New Zealand is considering additional security checks on flights from Muslim-majority countries in the Middle East, its transport minister said yesterday.
The new rules would follow similar measures introduced last month by the United States, Britain and Australia.
New Zealand's civil aviation authority "is assessing the evidence to determine what is appropriate," transport minister Simon Bridges told Reuters in an interview in Dubai.
Additional security measures would affect passengers flying from Dubai in the United Arab Emirates and Doha, Qatar, where carriers Emirates and Qatar Airways, respectively, fly direct to New Zealand.
Bridges said a decision to add new checks would be made independent of the government by the aviation authority .
He declined to say when a decision could be made. He did not say what measures were being considered.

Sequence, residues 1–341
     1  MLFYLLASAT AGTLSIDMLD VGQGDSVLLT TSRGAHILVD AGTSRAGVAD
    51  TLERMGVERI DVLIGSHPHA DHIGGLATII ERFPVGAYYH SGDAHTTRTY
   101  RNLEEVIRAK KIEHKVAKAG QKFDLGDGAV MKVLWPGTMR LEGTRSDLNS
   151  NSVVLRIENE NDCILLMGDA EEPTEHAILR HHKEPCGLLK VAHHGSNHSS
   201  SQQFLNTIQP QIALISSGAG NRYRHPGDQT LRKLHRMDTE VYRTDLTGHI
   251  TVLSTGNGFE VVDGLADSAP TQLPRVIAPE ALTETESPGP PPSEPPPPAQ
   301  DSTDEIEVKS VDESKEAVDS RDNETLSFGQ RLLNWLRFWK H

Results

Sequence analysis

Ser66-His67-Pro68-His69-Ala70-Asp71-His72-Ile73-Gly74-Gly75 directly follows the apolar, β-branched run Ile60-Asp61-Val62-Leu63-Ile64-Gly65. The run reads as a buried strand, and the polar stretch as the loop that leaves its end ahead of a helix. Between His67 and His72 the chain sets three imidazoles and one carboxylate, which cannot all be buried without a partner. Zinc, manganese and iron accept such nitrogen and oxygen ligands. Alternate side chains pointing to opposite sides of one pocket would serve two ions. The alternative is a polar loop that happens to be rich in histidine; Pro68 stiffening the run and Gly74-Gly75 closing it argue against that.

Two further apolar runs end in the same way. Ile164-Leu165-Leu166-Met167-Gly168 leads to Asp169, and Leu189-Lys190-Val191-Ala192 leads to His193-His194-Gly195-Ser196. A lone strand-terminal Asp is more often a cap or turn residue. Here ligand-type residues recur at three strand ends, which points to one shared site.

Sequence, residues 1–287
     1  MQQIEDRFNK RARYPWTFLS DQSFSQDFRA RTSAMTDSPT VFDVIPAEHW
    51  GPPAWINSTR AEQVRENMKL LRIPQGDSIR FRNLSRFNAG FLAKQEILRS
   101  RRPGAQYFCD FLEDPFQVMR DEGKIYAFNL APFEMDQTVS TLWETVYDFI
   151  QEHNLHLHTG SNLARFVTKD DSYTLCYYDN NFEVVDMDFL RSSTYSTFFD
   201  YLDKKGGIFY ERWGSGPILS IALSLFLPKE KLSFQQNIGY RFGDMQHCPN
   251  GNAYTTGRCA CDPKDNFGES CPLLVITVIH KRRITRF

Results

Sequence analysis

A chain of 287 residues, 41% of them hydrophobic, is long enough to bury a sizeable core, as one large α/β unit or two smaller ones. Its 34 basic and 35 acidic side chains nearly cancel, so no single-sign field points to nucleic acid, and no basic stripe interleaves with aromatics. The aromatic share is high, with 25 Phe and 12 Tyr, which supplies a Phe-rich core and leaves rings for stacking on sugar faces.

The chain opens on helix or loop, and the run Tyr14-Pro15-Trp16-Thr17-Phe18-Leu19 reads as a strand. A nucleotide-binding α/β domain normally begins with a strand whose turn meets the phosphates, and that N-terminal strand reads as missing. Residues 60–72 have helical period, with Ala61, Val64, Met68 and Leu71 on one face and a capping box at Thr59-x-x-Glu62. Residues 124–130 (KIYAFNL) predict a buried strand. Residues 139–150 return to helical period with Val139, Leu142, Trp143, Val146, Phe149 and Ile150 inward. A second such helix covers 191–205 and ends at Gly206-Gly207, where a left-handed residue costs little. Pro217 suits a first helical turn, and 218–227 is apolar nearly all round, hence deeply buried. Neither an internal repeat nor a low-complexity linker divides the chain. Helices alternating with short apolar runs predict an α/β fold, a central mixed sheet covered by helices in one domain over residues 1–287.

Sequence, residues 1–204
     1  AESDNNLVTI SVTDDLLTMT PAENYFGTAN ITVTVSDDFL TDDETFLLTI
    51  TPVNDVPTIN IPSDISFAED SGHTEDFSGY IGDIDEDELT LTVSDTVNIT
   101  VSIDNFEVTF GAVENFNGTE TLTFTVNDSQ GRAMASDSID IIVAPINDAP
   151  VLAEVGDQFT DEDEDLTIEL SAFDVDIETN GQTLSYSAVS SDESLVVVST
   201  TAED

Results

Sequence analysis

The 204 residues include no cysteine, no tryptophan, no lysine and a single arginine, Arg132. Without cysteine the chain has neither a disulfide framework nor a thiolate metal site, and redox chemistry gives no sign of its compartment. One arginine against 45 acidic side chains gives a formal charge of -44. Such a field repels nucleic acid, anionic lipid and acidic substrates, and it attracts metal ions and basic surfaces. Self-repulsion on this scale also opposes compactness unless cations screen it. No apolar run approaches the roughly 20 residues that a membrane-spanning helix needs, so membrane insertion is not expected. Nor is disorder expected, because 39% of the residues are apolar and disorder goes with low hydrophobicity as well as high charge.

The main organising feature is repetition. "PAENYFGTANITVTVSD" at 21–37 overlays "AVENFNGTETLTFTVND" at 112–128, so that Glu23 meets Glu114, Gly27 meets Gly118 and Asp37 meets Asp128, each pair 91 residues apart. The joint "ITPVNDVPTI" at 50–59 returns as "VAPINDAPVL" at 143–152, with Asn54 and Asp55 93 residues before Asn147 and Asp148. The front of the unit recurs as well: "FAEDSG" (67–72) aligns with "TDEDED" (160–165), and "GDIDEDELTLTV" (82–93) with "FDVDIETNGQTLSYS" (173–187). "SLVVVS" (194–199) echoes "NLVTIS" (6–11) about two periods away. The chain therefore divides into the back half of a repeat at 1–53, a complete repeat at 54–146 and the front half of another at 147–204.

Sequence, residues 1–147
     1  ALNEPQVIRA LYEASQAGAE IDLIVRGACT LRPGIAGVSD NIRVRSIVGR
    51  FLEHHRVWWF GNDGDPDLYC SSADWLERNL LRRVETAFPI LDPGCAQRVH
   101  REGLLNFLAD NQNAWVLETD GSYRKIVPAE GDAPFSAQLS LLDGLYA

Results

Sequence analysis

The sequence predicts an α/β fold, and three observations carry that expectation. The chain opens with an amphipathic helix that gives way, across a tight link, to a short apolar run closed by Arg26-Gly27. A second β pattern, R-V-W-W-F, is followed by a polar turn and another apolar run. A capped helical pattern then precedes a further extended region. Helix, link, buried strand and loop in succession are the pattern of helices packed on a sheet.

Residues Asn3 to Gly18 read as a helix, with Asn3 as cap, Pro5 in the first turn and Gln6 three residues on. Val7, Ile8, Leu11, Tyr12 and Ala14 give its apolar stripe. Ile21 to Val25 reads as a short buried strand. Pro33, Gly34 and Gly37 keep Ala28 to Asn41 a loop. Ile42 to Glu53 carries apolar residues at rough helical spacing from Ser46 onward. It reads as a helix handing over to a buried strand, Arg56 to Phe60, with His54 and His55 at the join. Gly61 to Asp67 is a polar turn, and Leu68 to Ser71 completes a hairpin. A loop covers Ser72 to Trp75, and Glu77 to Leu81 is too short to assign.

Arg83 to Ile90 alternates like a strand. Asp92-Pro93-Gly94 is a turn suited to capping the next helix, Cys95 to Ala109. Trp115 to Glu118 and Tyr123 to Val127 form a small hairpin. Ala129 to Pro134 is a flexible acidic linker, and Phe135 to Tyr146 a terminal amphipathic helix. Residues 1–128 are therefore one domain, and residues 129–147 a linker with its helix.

On March 25, the United States banned electronic devices larger than a mobile phone from passenger cabins of direct flights from eight countries in the Middle East, North Africa and Turkey, including Qatar and the UAE.
Britain followed the same day with similar measures, including banning larger electronics on flights from some Middle East countries but not Qatar and the UAE where it instead requested additional security checks.
Australia's additional checks on passengers and baggage apply to Qatar and the UAE as they are the only Middle East countries with which it has direct air links.
The additional security measures were made based on intelligence suggesting flights could be targeted for attack.
"What we have seen from them is a less than uniform way of doing things," Bridges said of the different measures introduced by the United States, Britain and Australia, all close allies of New Zealand.